Public Relations

How is Egypt’s Current Image?

The country continues to push through as a fresh batch of news hits the airwaves, both good and bad. Egypt’s reputation and image remains constantly changing, falling on both sides of the spectrum, with local and international views largely on different sides.

But local and international perceptions haven’t always been so divided. Unfortunately, international media strives on sensationalism which has created a completely different national story, a different national narrative.

To see just how divided these views are, we asked some international representatives and executives how they personally see Egypt, and how they see it is perceived internationally.


Sam Werberg – Press Attaché/Embassy Spokesperson, US Embassy Cairo

“From a personal perspective, I see Egypt as a wonderful place to live with tremendous potential in terms of its economy, its tourism sector, and so much more.

As someone who has lived here for a couple of years now, and as someone who has lived in other parts of this region, it’s easy to forget sometimes how Egypt is seen by others around the world.

I’m reminded of that when I read news articles about Egypt, but am reminded even more so when we get visitors from America.  I love seeing the wonder on the faces of visitors when they experience the pyramids for the first time, or smile as they bite into a falafel sandwich, or relax as they settle into a felucca ride on the Nile.

…But I also think that we need to do more to help both visitors and others looking at Egypt from outside understand the dynamic, positive changes that are happening here, especially in the economy.

There are remarkable things happening here in the technology and communications sector and the petroleum and energy sector, especially renewable energy.

So, the question for all of us is, are these changes being perceived accurately by the rest of the world and is the perception of what is happening in those sectors positive and widespread enough to continue to attract new investment in Egypt from around the world?”

So, in a sense, we have two images of Egypt – the traditional image of Egypt as a beautiful tourist destination with ancient antiquities and pristine beaches, and another image of Egypt as a dynamic, growing economy with an increasingly skilled labor force…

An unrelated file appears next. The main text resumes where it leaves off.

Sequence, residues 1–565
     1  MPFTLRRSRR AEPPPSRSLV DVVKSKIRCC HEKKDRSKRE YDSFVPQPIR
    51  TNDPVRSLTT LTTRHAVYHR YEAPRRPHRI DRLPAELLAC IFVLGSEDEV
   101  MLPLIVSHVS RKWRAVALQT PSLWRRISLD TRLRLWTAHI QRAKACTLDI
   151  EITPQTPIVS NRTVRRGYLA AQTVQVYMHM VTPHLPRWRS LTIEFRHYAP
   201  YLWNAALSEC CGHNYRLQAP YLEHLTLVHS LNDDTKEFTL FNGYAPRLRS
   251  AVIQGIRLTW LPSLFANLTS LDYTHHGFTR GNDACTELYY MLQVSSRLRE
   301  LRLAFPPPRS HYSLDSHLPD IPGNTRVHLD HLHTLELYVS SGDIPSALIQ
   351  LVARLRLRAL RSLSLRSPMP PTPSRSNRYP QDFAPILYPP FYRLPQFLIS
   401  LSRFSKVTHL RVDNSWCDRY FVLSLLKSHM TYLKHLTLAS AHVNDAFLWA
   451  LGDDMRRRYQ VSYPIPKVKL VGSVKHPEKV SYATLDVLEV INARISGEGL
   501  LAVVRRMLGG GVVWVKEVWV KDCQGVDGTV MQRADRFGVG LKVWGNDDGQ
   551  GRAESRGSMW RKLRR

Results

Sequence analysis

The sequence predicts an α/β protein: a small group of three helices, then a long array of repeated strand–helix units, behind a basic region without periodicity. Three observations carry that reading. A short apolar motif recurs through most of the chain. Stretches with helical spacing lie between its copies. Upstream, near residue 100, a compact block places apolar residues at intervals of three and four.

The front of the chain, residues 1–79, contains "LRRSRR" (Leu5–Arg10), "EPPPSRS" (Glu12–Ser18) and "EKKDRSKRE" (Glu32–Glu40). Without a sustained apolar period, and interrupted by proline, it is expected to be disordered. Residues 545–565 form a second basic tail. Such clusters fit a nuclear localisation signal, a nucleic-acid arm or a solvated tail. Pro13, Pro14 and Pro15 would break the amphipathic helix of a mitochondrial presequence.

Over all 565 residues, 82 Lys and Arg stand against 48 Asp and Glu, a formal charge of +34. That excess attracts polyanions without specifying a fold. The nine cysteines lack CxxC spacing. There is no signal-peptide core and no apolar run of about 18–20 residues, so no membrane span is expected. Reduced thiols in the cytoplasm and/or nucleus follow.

Farzana Baduel – Founder and CEO of Curzon PR

“Egypt has a glorious past, and its powerful history is the source of compelling stories taught in classrooms around the world. The tales of Ancient Egypt are etched in the minds of every schoolchild, through epic myths, and the evocative imagery of amazing relics. But these bold and colourful strokes of national history are now marred by the dark modern-day depictions of Egypt through the mainstream media.

The Arab Spring stands at the forefront of our minds. The resultant political instability and the related sexual harassment encountered and endured by women during protests now sits in our minds alongside the Pyramids and the Sphinx. This recent chapter in Egypt’s history is now intertwined with perceptions of your great nation – and ongoing reports of food poisoning (and worse) in tourist locations adds a further dose of bitterness to the well of ‘brand Egypt’.

How can this reputational malaise be broken? By pivoting to your authentic strengths. Egypt is one of the youngest countries in the region – 55% of your population is under 25. Before the Arab Spring, you enjoyed the astonishing annual growth of around 7.5% – and there are early indications that it a return to that is achievable.

Egypt is one of the worlds great countries in terms of tourism, boasting beautiful landscapes, thriving culture, and bustling cities. Moreover, according to the Nation Brand Index, Egypt has been one of the ten fastest growing nation brands this year.

This is the story that Egypt must tell to attract much-needed investment and tourism. It needs to take control of its destiny and harness this narrative, show that there is more to the nation than ancient artifacts and instability.

To seize the moment, and crucially, your future, Egypt should invest in a root-and-branches nation branding exercise, consistently telling its story in the right way, to the right people. This will serve as a catalyst to boost your economy, your image and your rightful sense of pride.”